The Bruce Highway is the main road route spanning the length of Queensland, named after Harry Bruce, Minister of Works in the 1930s. It starts in Brisbane and finishes in Cairns, a total of approximately 1,670 km. Bundaberg is about 50 km east of the Bruce but we had to join it to travel to Brisbane so knew that southern 350 km section well. Andy’s work took him to Rockhampton often, so that section was also well travelled. However, we’d never driven further north on the Bruce until this trip when we will be following the road to its northern conclusion.
It seems that visitors to Queensland have a bit of a romantic preconception of driving from Brisbane to Cairns and imagine that the road trip might be similar to the Great Ocean Road. Unfortunately, and with the greatest respect, we don’t think that the Bruce lives up to that. If you imagine you’re going to be driving along the ocean, you’ll be disappointed as the majority of the road is a fair way inland from the coast. There are places where you travel through some spectacular scenery but on the whole, it’s a fairly monotonous drive. Also, dual carriageway only extends to Gympie, about 200 km north of Brisbane, so you can end up stuck behind a lot of slow moving traffic. Having said all of that, The Bruce did provide our means of reaching the first destinations on our road trip, Tannum Sands, Gladstone and Mackay.
We left Bundaberg on Tuesday 17thApril 2018 and had a few chores to complete in town before heading off. We also wanted to stop for a final brekkie at Leaf & Bean. Kellie, who owns and runs the café with her partner Trevor kindly gave Andy a bottle of his favourite cold drip coffee for the road.
We decided not to travel too far on that first day so booked a room in Gladstone, just under 200 km north. Before arriving there, we stopped just before at Tannum Sands for a walk along the esplanade. Despite it being fairly close we’d never visited Tannum before and discovered a beautiful little township with sculptures along the ocean front walk.
After our night in Gladstone we set off for Rockhampton, approximately 100 km north for a brunch stop in the CBD. We then started the first part of the drive which we’d never travelled before, taking the Bruce Highway up to Mackay. We’d been warned that this section of the Bruce which is over 300 km long was one of the least exciting, with very few communities punctuating the road. This proved to be the case, so we just shared the driving and pushed through with only a brief stop at Clairview, one of the few places where the road comes close to the Ocean. 436 km north of Gladstone we arrived in Mackay at our home for the next two nights, The Riviera Apartments. These were very handy for us as with full kitchen facilities it allowed us to cook rather than eat out. They’d normally have been a bit beyond our budget but we booked them with Qantas Points so no effect on the bank balance.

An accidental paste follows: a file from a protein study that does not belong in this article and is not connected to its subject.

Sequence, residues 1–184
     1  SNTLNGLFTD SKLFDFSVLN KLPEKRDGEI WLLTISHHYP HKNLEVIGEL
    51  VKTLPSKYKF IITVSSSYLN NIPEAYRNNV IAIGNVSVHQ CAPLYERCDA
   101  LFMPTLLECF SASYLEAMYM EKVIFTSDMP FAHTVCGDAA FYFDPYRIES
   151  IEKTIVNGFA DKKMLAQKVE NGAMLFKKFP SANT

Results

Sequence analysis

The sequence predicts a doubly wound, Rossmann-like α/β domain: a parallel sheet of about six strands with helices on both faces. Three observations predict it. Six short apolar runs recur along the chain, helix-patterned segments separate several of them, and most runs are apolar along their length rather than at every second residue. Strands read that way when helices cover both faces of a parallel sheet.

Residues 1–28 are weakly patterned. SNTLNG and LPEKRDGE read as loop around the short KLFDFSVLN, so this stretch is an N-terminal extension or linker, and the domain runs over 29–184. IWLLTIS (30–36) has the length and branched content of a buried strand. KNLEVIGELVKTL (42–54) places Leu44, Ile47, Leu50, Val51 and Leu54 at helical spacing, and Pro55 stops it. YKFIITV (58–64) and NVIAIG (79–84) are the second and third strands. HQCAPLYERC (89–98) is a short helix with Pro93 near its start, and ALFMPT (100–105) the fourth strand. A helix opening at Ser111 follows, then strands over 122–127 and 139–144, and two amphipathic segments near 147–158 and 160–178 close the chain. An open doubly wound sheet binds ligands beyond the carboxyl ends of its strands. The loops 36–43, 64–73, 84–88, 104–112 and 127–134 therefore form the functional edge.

After a day in the car we were in need of a walk so were pleased to find that the apartments fronted onto the Bluewater trail alongside the Pioneer River which flows through the city. The trail is aptly named as The Pioneer is one of the few blue rivers in Queensland, most being shades of brown. The trail extends quite a long way past the swimming lagoon and on to the Botanic Gardens but we just had a 3 km return stroll and were ready to get our dinner underway and enjoy a glass of wine.
We know a few people from Mackay so had some recommendations of things to do. First stop the next day was the Tourist Information office where we picked up the self-guided heritage trail of Mackay CBD. There’s some great architecture in the city and good examples from the Art Deco era. This is partly due to damage caused by a cyclone in 1918 which resulted in a lot of rebuilding in the years following. As is often the case, the buildings have been masked by modern frontages so it’s always a good idea to look up. Part way through the walk we came across a tour group also admiring the buildings. It turns out that they were Mackay Regional Council staff being trained on the local history and they kindly invited us to join them on their tour. We ended up learning even more about Mackay than we would have on our own, but would still recommend the self-guided tour if you stop by Mackay.
Alongside the heritage buildings, we also found some interesting modern sculptures, and a mural that seemed particularly pertinent to us.
In the afternoon we’d been recommended to visit Eimeo just north of the city. The Eimeo Pacific Hotel, known locally as The Eimeo pub is on the top of the headland there and has great views along the coast and across to the Cumberland Islands, named by James Cook. The views didn’t disappoint us, and we also stopped at another lookout on Lamberts Beach on our way back to the apartment. We realised that this was our last night and we hadn’t yet visited everywhere we’d intended to. We therefore decided to book another night, this time in a motel, just down the road from our apartment. This is how we wanted to approach our trip. Although we have some advance bookings, we wanted to have enough flexibility to stay longer if we wanted and to change our itinerary as we go.
The extra day gave us time to have an explore of the Botanic Gardens. We particularly enjoyed the woodland section where we saw several butterflies and tried to guess, with our limited ornithological skills what the wetland birds were called. In the afternoon we paid ArtSpace Mackay a visit. One of the exhibits, Libris, celebrated books as an art form and we got to tag an award winning piece of art by Jamian Stayt – bridgesontheroad in perpetuity.
Before leaving Mackay we had time to have coffee with one of Jane’s ex colleagues, Fonda. We then got some provisions together for the first camping portion of our trip, 50 km north in Cape Hillsborough National Park.